Although the 10-month moratorium on building in Jewish settlements in the West Bank was lifted last September, settler leaders complain that no construction is being allowed in the large urban areas and warn that a de facto freeze on all Jewish building in the West Bank is looming.
The settler leaders maintain that the Netanyahu administration is refusing to publish new tenders and that all current building is based on a limited number of permits issued years ago by previous governments.
“It’s like a pipeline into which no new water is being pumped,” Danny Dayan, chairman of the Yesha Council, the umbrella leadership of the setter movement, told JTA. “Water still comes out on the other side because there is still some inside. But it will soon dry up.”
According to Dayan, already there are no major building projects in large West Bank towns such as Ma’aleh Adumim, Ariel and Betar because the Netanyahu government has not published a single land tender for urban construction in the West Bank in the two years it has been in power.
“This has led to the absurd situation in which nearly all the building going on now is by private contractors in small isolated settlements outside the blocs slated to remain in Israel in any future agreement with the Palestinians,” he said. “And in the settlements on which there is a consensus, the freeze is still in force.”
With plans for more than 4,000 new housing units still awaiting government authorization, the mayors of Ariel and Ma’aleh Adumim recently fired off letters of complaint to Netanyahu, and settler leaders announced that they were considering launching a nationwide “save our towns” campaign.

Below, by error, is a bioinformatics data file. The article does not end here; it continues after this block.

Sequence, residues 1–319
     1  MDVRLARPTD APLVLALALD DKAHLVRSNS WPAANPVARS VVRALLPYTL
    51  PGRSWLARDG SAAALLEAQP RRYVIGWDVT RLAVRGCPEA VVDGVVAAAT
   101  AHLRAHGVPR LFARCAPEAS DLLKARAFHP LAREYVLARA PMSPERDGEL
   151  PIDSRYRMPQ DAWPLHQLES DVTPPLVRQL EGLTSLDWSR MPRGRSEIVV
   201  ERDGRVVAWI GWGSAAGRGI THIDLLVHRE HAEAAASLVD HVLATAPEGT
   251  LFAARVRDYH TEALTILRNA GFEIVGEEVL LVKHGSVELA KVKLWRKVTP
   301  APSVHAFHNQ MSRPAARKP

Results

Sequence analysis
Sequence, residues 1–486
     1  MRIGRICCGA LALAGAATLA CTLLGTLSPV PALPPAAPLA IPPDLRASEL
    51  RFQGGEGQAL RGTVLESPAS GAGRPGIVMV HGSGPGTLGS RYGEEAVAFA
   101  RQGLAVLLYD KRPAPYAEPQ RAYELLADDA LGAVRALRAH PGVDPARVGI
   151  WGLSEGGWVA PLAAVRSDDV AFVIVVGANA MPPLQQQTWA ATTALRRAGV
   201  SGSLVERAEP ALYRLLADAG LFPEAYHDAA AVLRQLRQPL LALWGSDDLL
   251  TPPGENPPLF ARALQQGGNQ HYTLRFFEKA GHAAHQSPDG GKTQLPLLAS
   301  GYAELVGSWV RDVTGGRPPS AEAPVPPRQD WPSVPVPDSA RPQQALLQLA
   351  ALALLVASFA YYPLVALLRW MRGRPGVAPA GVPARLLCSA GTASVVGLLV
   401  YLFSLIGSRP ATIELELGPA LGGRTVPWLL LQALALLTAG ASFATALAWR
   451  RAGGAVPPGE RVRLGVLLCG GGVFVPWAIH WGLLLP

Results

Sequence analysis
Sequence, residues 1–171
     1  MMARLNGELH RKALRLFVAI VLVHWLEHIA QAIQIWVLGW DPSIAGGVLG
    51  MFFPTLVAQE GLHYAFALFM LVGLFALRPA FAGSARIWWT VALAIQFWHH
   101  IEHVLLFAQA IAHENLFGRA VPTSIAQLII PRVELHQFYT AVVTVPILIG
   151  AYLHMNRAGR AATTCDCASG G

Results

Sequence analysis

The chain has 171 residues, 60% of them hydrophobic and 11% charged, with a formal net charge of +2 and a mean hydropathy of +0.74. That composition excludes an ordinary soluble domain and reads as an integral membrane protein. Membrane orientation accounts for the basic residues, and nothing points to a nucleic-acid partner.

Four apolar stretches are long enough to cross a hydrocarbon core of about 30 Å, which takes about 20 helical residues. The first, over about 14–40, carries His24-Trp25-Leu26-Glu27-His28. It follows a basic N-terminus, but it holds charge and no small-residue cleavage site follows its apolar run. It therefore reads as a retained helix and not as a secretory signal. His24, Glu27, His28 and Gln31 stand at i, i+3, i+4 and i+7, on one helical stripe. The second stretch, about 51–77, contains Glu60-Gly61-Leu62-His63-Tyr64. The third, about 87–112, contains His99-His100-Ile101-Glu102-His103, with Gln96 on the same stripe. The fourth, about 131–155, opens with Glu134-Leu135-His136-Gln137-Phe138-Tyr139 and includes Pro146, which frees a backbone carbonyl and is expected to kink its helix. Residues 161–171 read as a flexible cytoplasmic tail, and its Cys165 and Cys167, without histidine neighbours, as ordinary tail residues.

But according to Peace Now, a group that is against the settlements and monitors construction in the West Bank, the settler claims are grossly misleading.
“Immediately after the freeze was lifted, we saw a flurry of building the likes of which we hadn’t seen for years,” Peace Now Chairman Yariv Oppenheimer told JTA. “Since the freeze ended, the settlers have begun work on about 1,700 housing units in 67 different settlements.”
Oppenheimer acknowledged, however, that the Netanyahu government is withholding permits for new building in the large urban areas. In his view, Netanyahu ended the freeze to please the settlers, but is not issuing new permits to please the Americans.
“It creates a situation in which no one is happy and the national interest is compromised,” Oppenheimer said.
In mid-February, Foreign Minister Avigdor Lieberman seemed to confirm that the construction moratorium was still largely in effect.
At a meeting with U.S. Jewish leaders in Jerusalem, Morton Klein, the president of the Zionist Organization of America, asked whether it was true that the government was not issuing new permits in towns like Ma’aleh Adumim and Ariel.
“I am going to answer, like many politicians do — no comment, no comment, no comment,” Lieberman replied. “But Morton, we’re going to change this.”